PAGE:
I seem to recall a time when direct mode would hide files that were not present in the local repository. While this created a bunch of headaches for people that wanted to get the missing files, it was great for users that didn't care and only wanted to see what was actually there. (In fact, it was suggested as a solution in usability: what are those arrow things?, a year and a half ago.)
Now this behavior has changed, and with v6 coming up, all those distinctions have basically gone away anyways...
So what's someone to do if he wants to deal with the usability issue mentioned above? To restate: the problem is users I share files with often see a lot of files, with only a fraction of them being actually present. A lot of those files are obviously large, and so they are having a frustrating experience with git-annex because they see all those promises of "files being there" but they have a hard time actually finding which files really are there. So they click one one broken link after the other and generally give up before they figure out how to pop a terminal open, use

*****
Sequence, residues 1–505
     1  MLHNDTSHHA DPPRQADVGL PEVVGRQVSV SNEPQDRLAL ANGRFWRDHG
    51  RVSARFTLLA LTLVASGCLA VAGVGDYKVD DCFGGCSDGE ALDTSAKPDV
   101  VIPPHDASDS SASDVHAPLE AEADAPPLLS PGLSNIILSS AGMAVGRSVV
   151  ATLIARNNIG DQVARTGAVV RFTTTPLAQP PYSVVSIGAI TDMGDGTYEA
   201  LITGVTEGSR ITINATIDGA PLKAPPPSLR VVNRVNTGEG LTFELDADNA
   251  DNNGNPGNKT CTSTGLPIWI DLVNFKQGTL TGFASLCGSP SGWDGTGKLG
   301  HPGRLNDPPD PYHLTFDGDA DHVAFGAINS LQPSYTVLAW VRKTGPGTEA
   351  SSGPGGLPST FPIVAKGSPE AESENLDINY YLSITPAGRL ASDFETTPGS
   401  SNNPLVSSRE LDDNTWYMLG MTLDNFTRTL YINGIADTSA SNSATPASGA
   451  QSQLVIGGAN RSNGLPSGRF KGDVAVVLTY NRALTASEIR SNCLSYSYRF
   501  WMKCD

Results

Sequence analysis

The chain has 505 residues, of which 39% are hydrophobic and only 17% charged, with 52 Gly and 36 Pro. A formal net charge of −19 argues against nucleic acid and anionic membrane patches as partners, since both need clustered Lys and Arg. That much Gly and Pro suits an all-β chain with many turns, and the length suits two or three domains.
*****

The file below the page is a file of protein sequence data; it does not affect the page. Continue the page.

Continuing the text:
find -L -type l or
find -type l (i can never remember which!) - something we can hardly expect from the average GUI user...
Maybe this could be accomplished through a dumb, unsafe, human-readable backend?
Thanks for any advice! --anarcat
This has never been done by direct mode AFAICR.
But, adjusted branches can do it. The basic functionality is implemented already; what's missing is that, once in an adjusted branch with missing files hidden, when a file's content arrives the adjusted branch needs to be updated to expose the file.
This will need hooks into the adjusted branch code when file contents are get/dropped, and the naive way to do it could make things quite slow, if the branch needs to be re-adjusted after each get/drop of each file. --Joey
Other discussions: How to hide broken symlinks, where the idea of using views to hide missing files is introduced and How do I hide files not present in the local annex?, where it is said that placeholders shouldn't be used in direct mode... --anarcat